• Add in eggs, one at a time.
  • Add in vanilla essence.
  • Prepare coffee and pour into milk .
  • Preheat oven to 180 celsius.
  • Sift dry ingredients (flour, salt, cocoa, BP)
  • Add baking soda to coffee milk mix, stir well.
  • Add half of dry and half of milky mix to butter mix.
  • When combined well, add rest of dry and milky to butter mix.
  • Pour into prepared and lined baking tin.
  • Look at using 20 cm tin but it’s not hard and fast but remember the bigger the tin, the less height you will get.
  • I usually use a tin that I have had for ever, it will be passed on to my kids:)
  • Place in oven and bake for 30-35 mins or until skewer comes out clean.
  • Carefully slice cake in two or you could bake this in two pans or just leave it as one cake and not layer it.

Mmmmm, lovely chocolate mix..

Strange what chocolate cake will attract!! Especially when this specimen usually doesn’t come out of his room:)

  • Remove from oven and cool for 20-30 mins BEFORE removing from the tin. Cool on a rack until cold before icing.

Fresh from the oven

Ready to ice

  • To make the icing, sift icing sugar into clean bowl
  • Scrape seeds from Vanilla pod and mix in icing sugar
  • Mix softened butter through icing sugar
  • Add in essence
  • Add enough milk until firm but creamy paste is achieved.
  • Mix until smooth.
  • Use icing as filling and icing.

With vanilla bean icing:)

Now have a slice!! Well done Alex!!

Cut a HUGE slice to have with a coffee or Tea and ENJOY!!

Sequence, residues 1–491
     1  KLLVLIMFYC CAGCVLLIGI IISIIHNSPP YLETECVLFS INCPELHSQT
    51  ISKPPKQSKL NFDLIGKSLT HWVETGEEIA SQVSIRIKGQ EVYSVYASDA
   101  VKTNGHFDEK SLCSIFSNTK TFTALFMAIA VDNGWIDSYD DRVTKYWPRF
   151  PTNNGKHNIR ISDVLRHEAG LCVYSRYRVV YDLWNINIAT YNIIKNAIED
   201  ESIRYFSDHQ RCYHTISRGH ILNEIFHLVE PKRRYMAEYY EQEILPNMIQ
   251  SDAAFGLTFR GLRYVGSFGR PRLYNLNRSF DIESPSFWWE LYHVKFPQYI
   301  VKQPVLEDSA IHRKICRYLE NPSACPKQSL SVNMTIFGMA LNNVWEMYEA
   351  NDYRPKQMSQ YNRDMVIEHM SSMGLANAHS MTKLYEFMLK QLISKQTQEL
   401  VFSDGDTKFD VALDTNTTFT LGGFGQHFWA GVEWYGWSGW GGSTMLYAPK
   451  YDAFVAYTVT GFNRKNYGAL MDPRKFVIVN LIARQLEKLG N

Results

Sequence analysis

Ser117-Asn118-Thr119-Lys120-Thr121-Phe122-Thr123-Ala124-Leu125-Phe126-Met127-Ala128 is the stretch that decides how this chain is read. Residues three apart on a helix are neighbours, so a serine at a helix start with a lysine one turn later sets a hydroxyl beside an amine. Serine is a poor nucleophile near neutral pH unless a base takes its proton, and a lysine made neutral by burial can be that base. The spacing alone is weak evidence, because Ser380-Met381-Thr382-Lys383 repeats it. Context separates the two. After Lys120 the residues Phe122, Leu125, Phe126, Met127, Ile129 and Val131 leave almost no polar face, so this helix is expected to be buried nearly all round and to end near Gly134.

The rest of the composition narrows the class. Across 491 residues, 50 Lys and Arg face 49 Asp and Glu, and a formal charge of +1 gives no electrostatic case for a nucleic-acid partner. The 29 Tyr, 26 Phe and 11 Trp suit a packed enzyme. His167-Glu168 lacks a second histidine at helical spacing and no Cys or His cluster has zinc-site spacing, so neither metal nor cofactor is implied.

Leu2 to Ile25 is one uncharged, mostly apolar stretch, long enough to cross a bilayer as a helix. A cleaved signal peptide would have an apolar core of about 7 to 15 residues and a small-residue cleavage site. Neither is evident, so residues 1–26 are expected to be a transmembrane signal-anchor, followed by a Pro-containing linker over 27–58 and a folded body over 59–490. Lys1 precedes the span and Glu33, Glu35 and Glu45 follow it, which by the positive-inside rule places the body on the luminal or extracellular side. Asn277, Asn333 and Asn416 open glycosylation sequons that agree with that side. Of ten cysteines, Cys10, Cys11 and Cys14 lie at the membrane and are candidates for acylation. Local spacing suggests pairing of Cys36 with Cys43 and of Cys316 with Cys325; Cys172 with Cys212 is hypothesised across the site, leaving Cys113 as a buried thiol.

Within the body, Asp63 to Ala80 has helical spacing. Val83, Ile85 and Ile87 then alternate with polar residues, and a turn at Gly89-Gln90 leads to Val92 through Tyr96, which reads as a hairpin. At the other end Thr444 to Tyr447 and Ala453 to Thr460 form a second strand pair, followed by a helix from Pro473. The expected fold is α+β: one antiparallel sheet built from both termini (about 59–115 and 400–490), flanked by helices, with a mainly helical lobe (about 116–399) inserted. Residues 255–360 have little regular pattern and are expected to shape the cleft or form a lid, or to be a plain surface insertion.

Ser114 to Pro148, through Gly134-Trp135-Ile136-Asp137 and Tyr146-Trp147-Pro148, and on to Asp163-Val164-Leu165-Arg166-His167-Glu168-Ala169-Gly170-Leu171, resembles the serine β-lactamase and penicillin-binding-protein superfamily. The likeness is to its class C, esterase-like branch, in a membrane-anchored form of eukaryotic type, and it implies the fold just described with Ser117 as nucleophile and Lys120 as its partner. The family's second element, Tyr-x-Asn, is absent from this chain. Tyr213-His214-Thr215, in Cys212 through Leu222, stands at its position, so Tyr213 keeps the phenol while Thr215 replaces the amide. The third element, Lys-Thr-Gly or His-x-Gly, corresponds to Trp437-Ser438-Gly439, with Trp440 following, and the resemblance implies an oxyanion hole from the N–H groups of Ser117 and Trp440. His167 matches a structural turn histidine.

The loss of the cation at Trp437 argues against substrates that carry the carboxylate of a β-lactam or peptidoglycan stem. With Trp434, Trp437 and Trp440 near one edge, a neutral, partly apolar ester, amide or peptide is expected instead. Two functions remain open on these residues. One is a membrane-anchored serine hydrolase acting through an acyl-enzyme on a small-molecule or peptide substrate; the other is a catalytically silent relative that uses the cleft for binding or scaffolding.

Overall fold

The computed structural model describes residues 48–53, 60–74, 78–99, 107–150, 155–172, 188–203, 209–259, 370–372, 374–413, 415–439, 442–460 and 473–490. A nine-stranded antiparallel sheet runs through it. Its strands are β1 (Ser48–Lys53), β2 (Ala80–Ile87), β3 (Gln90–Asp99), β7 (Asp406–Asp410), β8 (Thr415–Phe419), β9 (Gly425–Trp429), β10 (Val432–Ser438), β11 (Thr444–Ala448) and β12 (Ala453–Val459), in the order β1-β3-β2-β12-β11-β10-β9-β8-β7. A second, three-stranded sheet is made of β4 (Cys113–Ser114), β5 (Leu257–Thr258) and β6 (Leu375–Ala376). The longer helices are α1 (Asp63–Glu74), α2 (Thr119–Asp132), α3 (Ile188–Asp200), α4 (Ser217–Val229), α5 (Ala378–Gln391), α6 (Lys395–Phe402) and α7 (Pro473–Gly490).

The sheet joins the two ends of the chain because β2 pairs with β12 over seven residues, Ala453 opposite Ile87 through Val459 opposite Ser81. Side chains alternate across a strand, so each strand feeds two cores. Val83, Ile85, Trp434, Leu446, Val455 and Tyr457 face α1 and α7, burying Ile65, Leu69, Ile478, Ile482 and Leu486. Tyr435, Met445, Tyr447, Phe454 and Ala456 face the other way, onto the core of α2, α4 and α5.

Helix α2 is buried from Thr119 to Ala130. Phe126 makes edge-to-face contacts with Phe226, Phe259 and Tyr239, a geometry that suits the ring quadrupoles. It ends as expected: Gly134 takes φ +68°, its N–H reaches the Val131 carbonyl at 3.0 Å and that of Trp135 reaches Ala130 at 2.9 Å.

Enjoy, enjoy, enjoy!!

Are you BREADY??

That is a little corny really isn’t it?

Even corny is sort of appropriate for bread things as you do use cornmeal and cornflour in bread making at times. I shall be quiet now:)

I am going to start with my favourite, well ok, one of my favourites as it is hard to say just one, breads. I am very partial to sweet breads and this bread is FRESH, FRESH, FRESH OUT OF THE OVEN!!  It is also from my favourite place (apart from NZ), Lucca, Italy. I have been looking for a typical Lucchese savoury bread but have not found anything as yet, so in the meantime we will be having…………………                  



Words escape me!!

Now this yeasty delight is an adaptation on the recipe link below:

This is my recipe adapted from this and two other old recipes I had.

  • 4 cups of Organic Bread Flour or a strong bread flour
  • 1 cup of castor sugar
  • 1 cup milk
  • 3 tsbp aniseed,  i like them not ground.
  • 150g butter
  • 1 cup raisins
  • 2 eggs
  • 1 cup grappa or as i used Vin Santo or a strong liqueur that compliments the aniseed.
  • pinch of salt
  • little bit of flour for dusting when kneading.
  • 20g of dry active yeast

Get them ingredients ready!!